Category Archives: monitoring

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Partner meeting tests GEOLAND app

geoland meeting During two days of October 2022, the GEOLAND Transnational Partner Meeting was held in Zaragoza, Spain. All the participants spent one whole day meeting, discussing the latest progress of the project with special attention on the mapping app developed by University of Ghent.

This app permits data gathering in the field and its aim is to allow the landscape to be evaluated in situ by students or even by the public. The use is very simple, everyone just has to open the app, save the GPS location, respond to a short survey and make a photo, which completes the collected information.

Next day, a field visit and app beta testing was scheduled. Five places with important landscape value were visited.

The app developed for the landscape evaluation was shown to present great functionality and very relevant results, so in following months it will be used with students and the general public.

Explore the Storymap to find out more.


 

 

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GEOLAND Handbook and Technical Annex available in 6 languages

The GEOLAND project seeks to improve and promote the engagement of Higher Education (HE) institutions, professors and students, in monitoring actions leading to effective decision-making for the implementation of the European Landscape Convention (ELC).handbook cover image

With this in mind the project has published an Educational Handbook and Technical Annex in English, Bulgarian, Dutch, Greek, Italian and Spanish.

These are available for download from https://www.geolandproject.eu/outputs/.

The Handbook includes state-of-the-art information and materials on learning and teaching perspectives, methodologies including citizen science, and Landscape Character Assessment related to the European Landscape Convention.

The Technical Annex complements the Handbook in order to provide details of the five methodological stages important for Landscape Character Assessment (LCA) by using GIS and public participation.

The five stages offer information, advice, resources and tools to carry out a Landscape Character Assessment for Natura 2000 or other sites of interest, are:
i) Purpose definition
ii) Desk-based data collection
iii) Field-based data collection
iv) Classification and
v) Overall evaluation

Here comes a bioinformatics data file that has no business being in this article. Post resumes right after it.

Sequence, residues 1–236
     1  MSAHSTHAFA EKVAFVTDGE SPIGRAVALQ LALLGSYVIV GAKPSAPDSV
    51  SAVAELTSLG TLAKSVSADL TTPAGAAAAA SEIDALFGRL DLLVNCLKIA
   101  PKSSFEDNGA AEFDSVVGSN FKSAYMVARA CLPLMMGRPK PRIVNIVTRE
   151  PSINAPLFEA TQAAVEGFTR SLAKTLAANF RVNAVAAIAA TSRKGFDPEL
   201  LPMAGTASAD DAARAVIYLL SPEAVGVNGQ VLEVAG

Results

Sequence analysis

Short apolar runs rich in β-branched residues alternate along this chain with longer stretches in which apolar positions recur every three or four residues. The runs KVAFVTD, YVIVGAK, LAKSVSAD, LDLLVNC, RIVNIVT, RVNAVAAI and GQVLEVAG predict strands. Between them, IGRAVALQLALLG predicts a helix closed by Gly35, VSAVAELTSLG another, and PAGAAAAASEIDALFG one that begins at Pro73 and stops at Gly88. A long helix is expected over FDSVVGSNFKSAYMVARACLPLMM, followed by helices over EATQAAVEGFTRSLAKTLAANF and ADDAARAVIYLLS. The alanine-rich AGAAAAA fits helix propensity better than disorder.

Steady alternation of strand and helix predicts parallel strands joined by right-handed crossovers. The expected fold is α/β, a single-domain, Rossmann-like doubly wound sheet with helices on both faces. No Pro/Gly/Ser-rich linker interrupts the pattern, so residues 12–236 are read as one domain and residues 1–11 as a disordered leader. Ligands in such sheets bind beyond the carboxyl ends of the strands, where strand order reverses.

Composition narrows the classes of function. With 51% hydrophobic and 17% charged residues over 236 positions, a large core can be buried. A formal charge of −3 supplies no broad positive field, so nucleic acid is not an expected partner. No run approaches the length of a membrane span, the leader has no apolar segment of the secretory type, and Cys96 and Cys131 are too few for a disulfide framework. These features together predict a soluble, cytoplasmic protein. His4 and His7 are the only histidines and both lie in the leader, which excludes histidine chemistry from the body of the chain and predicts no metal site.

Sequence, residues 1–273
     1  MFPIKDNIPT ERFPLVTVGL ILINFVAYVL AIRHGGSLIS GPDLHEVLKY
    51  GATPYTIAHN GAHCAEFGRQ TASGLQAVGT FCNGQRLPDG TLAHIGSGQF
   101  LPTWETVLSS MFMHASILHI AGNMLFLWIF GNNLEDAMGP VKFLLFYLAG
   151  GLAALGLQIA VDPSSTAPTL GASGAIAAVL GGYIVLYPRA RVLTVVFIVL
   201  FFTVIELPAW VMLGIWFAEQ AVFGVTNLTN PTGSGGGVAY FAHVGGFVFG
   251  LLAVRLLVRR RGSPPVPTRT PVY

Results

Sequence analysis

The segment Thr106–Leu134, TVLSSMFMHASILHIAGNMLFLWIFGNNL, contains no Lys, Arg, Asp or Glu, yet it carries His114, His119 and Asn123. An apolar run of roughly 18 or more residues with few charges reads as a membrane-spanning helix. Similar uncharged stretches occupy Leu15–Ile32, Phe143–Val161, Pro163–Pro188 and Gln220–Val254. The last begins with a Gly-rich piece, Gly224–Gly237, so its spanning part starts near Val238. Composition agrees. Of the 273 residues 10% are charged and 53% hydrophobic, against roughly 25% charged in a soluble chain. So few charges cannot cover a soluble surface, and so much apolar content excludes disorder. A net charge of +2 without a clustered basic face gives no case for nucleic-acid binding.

Training resources are now being developed to support university teachers and academics to implement the approach with their students.

 

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NATURA 2000 site at risk in Italy

Organisations for the protection of the environment take action

site satellite imageAs a whole, Nature 2000 sites in Italy protect 130 habitats, 89 species of flora and 111 species of fauna (of which 21 mammals, 11 reptiles, 16 amphibians, 25 fish, 38 invertebrates) and about 381 bird species.

Lake Vico is a Natura 2000 site created in a caldera lake in the northern Lazio region, central Italy. It is one of the highest major Italian lakes, with an altitude of 510 m. Administratively, it is part of the municipalities of Caprarola and Ronciglione.

The area is famous for its extensive Beech forest, which is one of the most southerly in Europe. The elevation, plus the surrounding sides of the crater, create conditions cool enough for the continued survival of the trees. A large part of the northern side of the crater is a Natura 2000 nature reserve to protect this forest.

The area is rich in biodiversity and consists of many protected areas, parks and natural reserves. Its habitats and species are so important that Lake Vico has been classified as a Natura 2000 site. Natura 2000 is a network of areas protected by the EU. vico image

However, Lake Vico, is currently at risk due to the intensive cultivation of hazelnuts by one of the giants of the world confectionery industry.

For this reason Client Earth and Lipu Birdlife Italy have decided to denounce the Lazio Region and to report its non-compliance with EU regulations.

“If we want to be able to successfully farm into the future, we need the public administrations to step in now to stop the area and its biodiversity from degrading irreversibly. If they don’t, intensive farming is going to wreck nature’s ability to provide for communities in the years ahead – and it’s depriving residents of safe drinking water today. That’s why we’re taking action.”

Find out more

Satellite image source: http://earthobservatory.nasa.gov/IOTD/view.php?id=82054 (Public Domain)

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Life and Natura 2000 now 30 years old

The LIFE Programme and Natura 2000 have reached the age of 30.

On 21 May 1992, the then European Economic Community passed two laws that would forever change the face of nature conservation, the Habitats Directive and the LIFE Regulation, which established the LIFE Programme. The Habitats Directive also established the Europe-wide ecological network of protected areas called Natura 2000.

The LIFE Programme has co-financed conservation actions on more than 6 000 Natura 2000 sites –roughly 20% of the entire network. It has also doubled the size of the marine Natura 2000 network over the past five years. €3 billion has been spent on 1 800 nature and biodiversity projects. LIFE projects have safeguarded some 750 species. Also, LIFE has purchased around 200 000 hectares of land across the EU – this land is protected indefinitely.newsletter-cover